If you get some sun each day then you probably don’t need to supplement vitamin D, right? Wrong, says a forthcoming study in the Journal of Strength and Conditioning Research.
Vitamin D affects your fitness, body composition, and even testosterone levels, making it a popular supplement. Direct sun exposure causes the body to create its own vitamin D, which leads most people to believe that supplementation isn’t necessary if you simply get a small dose of sunlight each day. However, the new study showed that sunlight may not be enough to keep vitamin D at optimum levels.
Researchers examined forty male and female college students who did not use vitamin D supplements. The students were tested for a variety of factors including vitamin D levels, aerobic capacity, anaerobic power, strength, and body composition. Each student also reported his or her level of daily sun exposure, and none of the students used sunscreen.
At least half the students were clinically deficient in vitamin D, and sun exposure didn’t make any difference whatsoever. That’s right, many of the students with low vitamin D reported daily sun exposure in Louisiana – and in the summer, no less.
Nevertheless, while vitamin D levels were unrelated to sun exposure, they were definitely related to other measurements. Higher vitamin D levels correlated with better body composition and greater aerobic capacity. However, strength and anaerobic power were unaffected.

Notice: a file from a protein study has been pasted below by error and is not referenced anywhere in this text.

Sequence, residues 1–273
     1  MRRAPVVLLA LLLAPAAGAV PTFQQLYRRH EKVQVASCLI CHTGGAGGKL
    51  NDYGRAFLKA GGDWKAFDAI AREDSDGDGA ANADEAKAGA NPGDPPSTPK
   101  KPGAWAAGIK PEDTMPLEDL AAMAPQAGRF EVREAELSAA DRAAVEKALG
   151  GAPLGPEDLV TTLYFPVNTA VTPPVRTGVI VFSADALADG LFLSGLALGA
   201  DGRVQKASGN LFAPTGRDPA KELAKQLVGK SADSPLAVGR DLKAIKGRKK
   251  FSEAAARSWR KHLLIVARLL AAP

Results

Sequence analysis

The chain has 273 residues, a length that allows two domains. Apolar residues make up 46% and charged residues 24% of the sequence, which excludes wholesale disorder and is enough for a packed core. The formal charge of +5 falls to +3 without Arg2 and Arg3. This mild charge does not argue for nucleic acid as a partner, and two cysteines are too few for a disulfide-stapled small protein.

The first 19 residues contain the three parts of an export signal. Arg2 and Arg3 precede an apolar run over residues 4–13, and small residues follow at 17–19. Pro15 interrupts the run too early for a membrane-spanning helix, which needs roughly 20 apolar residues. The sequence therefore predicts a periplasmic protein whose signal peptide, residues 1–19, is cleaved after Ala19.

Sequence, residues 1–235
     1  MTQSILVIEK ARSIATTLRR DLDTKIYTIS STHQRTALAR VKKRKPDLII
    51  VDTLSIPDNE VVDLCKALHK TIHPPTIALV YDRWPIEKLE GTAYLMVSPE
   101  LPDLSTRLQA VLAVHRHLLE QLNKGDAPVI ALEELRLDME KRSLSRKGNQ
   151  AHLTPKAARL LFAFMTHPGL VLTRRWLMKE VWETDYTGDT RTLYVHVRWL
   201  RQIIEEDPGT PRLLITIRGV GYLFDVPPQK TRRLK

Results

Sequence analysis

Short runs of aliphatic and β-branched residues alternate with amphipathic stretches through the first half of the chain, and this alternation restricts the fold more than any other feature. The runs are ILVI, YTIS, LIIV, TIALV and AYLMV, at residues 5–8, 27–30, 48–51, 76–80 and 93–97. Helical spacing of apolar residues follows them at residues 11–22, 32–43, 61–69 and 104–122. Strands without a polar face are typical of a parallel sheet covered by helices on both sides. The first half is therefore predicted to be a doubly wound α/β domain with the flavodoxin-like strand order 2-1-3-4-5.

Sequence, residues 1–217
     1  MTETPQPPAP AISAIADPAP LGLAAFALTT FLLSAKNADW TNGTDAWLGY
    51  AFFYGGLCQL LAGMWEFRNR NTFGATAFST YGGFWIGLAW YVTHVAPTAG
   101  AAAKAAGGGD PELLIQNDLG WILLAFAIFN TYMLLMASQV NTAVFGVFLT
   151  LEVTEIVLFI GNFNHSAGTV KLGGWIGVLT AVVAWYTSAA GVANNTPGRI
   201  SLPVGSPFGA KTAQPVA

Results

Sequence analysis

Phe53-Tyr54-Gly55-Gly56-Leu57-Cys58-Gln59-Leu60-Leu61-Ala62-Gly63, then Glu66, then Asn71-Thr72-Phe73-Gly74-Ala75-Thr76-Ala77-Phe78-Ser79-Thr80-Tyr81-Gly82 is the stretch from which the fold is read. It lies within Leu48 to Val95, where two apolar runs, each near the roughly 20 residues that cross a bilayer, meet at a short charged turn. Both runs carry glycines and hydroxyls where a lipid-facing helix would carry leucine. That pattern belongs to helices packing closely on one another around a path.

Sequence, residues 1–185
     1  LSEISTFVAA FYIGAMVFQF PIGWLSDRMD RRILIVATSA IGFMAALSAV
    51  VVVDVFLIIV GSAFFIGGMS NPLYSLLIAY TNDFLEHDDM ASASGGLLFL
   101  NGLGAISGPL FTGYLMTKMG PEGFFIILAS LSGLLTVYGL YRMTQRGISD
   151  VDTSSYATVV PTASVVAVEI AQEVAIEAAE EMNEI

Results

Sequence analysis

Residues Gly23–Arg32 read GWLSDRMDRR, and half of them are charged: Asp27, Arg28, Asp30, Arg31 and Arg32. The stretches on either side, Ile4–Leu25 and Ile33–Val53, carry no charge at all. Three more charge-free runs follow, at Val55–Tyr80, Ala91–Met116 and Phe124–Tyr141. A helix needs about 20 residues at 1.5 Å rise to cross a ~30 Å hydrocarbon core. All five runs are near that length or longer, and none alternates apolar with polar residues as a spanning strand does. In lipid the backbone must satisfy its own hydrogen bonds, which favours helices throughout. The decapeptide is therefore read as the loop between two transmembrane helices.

This study leads to several important conclusions. First, it’s a safe assumption that about half of normal, active, seemingly healthy people are vitamin D deficient. Second, sun exposure isn’t adequate to correct this deficiency. Vitamin D obtained through diet appears to be more important. Finally, vitamin D is important to athletes. I don’t think anyone will turn down fat loss or better aerobic performance, and vitamin D enables both.
Unfortunately, the study stops short of making a recommendation for vitamin D consumption. The Institute of Medicine recommends 600 IU per day. Only one of the students in this study met that level. Many still criticize that recommendation as too low, but nobody will make a firm recommendation because we know very little about how much vitamin D the body can tolerate. Personally, I take 4000 IUs per day and I haven’t died from it yet.
So examine your diet and determine if you need to supplement with vitamin D. It’s cheap, easy, and vital to athletic performance.
1. Laura Forney, et al. Vitamin D Status, Body Composition and Fitness Measures in Younger, Physically Active Individuals. Journal of Strength & Conditioning Research (forthcoming): POST ACCEPTANCE, 26 July 201. doi: 10.1519/JSC.0b013e3182a35ed0
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